Heel Pain


Plantar Fasciitis

One of the most common cause of heel or foot pain is plantar fasciitis. This condition occurs often in runners but anyone can have it and it’s often associated with a mechanical problem with the foot, such as excessive pronation or supination (twisting) of the foot. Pain is worse in the morning and improves during the day. There is often a tender spot on the inside border of the heel bone that can extend along the inside margin of the foot. Treatment involves avoidance of the causative factors, cold/heat, stretching exercise, specially prescribed insoles (orthotics) for the shoes and wearing footwear with adequate support.

Your Osteopath will also use special soft-tissue techniques and may adjust your gait or pelvis to prevent recurrence of the injury. Laser treatment can be particularly effective.

Calcaneal Spurs

A calcaneal spur is a small bony projection that is formed on the bottom of the heel bone or calcaneum. It is caused by putting too much prolonged pressure on the fascia and soft tissues on the soles of the feet.

When the muscles of the calf or Achilles tendon are overloaded there will be extra strain on the tendons and muscles in the soles of the feet. This overstrain can cause swelling and even small cracks in the tendon.

When you are asleep the muscles of the sole of the foot will contract to protect the damaged tendon. So when you get up the pain will return and be even worse.

The body tries to repair this damaged tendon by calcifying it, or wrapping it up in bone, causing as small boney spur to develop.

It is not the boney spur itself that causes the pain, but the prolonged damage and inflammation of the tendon. The spur doesn’t develop until much later in the injury process.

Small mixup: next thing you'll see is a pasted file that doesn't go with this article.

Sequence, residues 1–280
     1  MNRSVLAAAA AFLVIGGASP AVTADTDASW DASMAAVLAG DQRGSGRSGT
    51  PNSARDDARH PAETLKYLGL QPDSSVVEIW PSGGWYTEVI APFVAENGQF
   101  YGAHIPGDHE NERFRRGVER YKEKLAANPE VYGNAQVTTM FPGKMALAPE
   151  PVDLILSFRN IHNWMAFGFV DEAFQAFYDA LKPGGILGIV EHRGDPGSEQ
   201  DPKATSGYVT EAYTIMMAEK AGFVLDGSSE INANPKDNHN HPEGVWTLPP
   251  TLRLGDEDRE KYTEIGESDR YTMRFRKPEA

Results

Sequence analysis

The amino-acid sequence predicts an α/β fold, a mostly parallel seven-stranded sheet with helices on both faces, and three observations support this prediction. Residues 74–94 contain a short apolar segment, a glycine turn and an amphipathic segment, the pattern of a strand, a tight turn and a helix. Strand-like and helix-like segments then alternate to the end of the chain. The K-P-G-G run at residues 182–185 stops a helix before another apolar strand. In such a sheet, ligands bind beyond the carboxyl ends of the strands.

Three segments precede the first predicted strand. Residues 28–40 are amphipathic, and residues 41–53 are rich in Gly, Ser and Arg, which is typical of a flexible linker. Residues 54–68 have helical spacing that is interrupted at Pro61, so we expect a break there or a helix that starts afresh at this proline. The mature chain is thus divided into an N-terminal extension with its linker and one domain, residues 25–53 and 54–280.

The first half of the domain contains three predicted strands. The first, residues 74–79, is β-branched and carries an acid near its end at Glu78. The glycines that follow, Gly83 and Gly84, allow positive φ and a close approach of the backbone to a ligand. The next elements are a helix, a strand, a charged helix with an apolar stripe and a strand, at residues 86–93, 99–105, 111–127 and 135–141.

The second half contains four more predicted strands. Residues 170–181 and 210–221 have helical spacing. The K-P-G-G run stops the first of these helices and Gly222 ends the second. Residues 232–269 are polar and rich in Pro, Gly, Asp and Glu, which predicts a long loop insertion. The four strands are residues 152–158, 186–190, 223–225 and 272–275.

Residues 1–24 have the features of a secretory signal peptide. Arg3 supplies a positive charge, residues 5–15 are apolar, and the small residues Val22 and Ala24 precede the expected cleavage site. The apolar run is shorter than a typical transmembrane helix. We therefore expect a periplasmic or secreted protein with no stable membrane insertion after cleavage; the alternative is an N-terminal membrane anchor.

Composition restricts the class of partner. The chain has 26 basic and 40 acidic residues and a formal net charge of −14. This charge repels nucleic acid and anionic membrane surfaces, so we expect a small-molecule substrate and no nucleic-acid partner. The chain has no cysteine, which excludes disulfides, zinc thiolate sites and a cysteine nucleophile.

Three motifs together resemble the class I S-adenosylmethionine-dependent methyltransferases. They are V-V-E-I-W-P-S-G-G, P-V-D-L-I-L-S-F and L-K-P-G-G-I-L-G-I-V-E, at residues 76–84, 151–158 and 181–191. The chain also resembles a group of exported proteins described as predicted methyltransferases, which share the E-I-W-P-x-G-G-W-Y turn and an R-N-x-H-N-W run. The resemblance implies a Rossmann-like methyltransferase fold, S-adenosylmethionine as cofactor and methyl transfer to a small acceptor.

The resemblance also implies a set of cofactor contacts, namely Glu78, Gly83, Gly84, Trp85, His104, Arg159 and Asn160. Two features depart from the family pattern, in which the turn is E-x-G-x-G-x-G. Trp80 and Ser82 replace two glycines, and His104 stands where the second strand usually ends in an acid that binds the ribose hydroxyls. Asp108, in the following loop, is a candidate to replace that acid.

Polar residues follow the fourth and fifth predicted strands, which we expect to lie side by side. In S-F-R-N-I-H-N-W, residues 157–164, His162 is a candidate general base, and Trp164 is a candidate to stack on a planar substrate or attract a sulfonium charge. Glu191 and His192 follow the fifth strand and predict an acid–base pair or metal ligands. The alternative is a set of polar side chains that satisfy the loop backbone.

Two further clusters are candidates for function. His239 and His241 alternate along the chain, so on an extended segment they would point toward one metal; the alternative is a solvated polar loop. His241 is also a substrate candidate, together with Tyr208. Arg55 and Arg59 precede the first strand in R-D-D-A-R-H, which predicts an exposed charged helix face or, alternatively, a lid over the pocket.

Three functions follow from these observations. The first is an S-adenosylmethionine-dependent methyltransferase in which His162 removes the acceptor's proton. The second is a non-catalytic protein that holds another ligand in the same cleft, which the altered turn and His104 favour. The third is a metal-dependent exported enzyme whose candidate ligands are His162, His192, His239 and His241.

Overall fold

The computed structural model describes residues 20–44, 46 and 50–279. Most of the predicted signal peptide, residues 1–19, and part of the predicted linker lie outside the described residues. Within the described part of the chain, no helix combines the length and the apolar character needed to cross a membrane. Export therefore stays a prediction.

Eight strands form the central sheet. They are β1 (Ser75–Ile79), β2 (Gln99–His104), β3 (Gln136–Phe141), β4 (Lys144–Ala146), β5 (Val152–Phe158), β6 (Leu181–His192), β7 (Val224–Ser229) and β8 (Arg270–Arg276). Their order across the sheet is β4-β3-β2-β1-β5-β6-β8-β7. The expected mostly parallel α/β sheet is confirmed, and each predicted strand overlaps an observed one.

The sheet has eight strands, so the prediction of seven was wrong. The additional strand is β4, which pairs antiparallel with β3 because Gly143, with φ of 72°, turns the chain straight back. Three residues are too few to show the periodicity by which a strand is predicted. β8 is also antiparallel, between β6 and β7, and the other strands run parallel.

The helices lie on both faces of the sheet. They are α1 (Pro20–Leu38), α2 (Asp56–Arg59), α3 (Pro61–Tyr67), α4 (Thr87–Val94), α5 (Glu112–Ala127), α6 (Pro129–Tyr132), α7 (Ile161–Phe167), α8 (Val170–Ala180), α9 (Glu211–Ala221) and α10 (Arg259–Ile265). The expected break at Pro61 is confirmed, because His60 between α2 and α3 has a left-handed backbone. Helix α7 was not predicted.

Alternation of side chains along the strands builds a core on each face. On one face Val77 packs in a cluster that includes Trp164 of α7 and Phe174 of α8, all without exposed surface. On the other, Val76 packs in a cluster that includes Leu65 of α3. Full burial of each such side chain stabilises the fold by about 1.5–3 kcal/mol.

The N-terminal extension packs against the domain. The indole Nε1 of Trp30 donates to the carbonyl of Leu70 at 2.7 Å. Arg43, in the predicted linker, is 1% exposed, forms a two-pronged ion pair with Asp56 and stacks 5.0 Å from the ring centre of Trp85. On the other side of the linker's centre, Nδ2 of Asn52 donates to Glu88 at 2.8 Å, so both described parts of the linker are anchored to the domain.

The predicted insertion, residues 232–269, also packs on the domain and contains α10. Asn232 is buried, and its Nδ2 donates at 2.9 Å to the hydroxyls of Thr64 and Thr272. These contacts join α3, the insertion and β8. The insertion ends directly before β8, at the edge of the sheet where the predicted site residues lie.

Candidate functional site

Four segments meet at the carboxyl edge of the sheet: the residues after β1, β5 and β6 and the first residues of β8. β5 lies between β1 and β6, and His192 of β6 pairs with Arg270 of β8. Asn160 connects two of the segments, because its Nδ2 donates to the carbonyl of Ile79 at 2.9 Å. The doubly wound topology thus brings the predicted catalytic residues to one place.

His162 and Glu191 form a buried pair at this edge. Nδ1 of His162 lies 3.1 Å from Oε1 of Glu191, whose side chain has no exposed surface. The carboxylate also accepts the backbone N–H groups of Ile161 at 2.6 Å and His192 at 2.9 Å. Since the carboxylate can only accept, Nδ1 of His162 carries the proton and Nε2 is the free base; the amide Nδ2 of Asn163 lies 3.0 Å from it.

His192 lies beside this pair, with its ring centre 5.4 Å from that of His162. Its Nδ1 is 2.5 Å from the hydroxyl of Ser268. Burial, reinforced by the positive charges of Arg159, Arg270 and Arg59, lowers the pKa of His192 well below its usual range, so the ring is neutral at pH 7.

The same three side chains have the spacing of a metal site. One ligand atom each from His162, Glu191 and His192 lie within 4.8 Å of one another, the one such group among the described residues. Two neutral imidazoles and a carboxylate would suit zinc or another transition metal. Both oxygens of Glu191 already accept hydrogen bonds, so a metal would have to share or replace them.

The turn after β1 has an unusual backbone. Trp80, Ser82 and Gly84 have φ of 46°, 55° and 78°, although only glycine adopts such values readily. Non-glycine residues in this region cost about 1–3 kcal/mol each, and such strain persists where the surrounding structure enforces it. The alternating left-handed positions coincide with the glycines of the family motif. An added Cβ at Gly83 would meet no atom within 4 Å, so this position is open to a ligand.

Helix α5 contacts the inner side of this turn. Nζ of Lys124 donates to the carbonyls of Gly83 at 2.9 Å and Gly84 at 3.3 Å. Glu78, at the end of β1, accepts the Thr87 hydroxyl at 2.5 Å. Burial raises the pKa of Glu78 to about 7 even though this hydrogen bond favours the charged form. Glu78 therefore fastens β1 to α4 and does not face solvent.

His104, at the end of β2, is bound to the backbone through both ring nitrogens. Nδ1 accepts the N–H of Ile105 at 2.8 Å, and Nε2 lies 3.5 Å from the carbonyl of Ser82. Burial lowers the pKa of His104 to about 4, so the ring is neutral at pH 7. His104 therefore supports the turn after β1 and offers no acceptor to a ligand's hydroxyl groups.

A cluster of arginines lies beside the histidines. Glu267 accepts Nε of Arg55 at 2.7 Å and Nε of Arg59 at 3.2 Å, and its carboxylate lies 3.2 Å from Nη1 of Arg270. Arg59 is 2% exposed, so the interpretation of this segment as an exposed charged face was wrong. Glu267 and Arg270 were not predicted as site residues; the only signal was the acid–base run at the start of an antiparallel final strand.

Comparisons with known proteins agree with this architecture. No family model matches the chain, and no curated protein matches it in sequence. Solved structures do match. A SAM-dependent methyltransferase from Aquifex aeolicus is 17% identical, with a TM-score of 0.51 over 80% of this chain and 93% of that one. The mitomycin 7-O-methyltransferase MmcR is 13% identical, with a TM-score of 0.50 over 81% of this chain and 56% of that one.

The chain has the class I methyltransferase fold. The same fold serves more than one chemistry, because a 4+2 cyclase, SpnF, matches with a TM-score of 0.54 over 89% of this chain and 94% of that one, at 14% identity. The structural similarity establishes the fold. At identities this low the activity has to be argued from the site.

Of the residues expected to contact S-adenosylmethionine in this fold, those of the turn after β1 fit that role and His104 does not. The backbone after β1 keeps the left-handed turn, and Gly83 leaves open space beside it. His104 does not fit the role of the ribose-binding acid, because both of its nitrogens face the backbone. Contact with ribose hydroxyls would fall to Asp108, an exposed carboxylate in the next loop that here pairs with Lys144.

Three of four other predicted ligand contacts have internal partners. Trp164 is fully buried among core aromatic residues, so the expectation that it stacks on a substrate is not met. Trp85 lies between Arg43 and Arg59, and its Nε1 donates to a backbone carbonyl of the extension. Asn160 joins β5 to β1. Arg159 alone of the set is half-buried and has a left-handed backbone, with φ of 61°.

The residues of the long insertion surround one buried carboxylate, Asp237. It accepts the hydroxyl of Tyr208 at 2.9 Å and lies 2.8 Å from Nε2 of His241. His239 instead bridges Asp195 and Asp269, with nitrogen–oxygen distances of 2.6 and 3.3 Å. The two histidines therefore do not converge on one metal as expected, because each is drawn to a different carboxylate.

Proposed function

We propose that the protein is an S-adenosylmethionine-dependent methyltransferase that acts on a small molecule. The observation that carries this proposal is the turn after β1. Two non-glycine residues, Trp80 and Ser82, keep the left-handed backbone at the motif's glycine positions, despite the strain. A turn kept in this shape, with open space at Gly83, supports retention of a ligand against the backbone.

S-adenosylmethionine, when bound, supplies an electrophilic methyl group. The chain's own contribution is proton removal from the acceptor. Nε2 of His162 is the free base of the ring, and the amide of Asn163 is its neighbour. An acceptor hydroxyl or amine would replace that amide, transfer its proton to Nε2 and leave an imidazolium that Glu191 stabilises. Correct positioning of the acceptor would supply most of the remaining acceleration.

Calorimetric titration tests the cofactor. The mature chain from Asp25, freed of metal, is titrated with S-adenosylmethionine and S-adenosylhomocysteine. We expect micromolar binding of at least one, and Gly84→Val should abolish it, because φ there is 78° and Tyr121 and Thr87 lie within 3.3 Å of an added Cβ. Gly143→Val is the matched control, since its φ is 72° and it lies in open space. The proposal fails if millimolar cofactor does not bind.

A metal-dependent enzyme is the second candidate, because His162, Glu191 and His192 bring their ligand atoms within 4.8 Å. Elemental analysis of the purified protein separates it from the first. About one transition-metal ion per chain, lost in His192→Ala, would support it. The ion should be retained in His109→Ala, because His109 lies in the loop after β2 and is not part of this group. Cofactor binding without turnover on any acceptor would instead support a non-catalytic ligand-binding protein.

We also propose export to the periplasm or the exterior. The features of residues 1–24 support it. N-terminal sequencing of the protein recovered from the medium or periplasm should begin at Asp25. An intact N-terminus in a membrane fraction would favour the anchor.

This is why it is VERY important to seek help from your Osteopath quickly!

Symptoms of Calcaneal Spur

Sharp stabbing pain under the heel which goes on rest. It is worse in the morning but gets a bit easier in the day.

The pain can become very severe.

Often sufferers are overweight and middle-aged, because the shock-absorbing fat pillow under the foot shrinks over the years.

It can affect athletes who don’t train often or who wear ineffective footwear.

"Fallen arches" can lead to this problem.

Treatment and advice

Treatment involves avoidance of the causative factors, cold/heat, stretching exercise, specially prescribed insoles (orthotics) for the shoes and wearing footwear with adequate support.

Your Osteopath will also use special soft-tissue techniques and may adjust your gait or pelvis to prevent recurrence of the injury. Laser treatment can be particularly effective. The heel can be helped by a small cushioned insole inside the shoe.

If you are overweight, losing weight can help prevent foot problems.

Fat Pad Syndrome

Another common cause of heel pain is fat pad syndrome or "bruising" of the protective layer of fat under the heel. This may develop suddenly after a fall onto the heels or slowly from repeated heavy heel strike with poor heel cushioning.

Treatment involves avoidance of the causative factors, cold/heat, stretching exercise, specially prescribed insoles (orthotics) for the shoes and wearing footwear with adequate support. AVOID cortisone injection from your GP at all costs!

Your Osteopath will also use special soft-tissue techniques and may adjust your gait or pelvis to prevent recurrence of the injury. Laser treatment can be particularly effective.

Calcaneal Stress Fractures

Calcaneal stress fractures result from overuse. They require X-ray for diagnosis and specific treatment and advice from your Osteopath.

 

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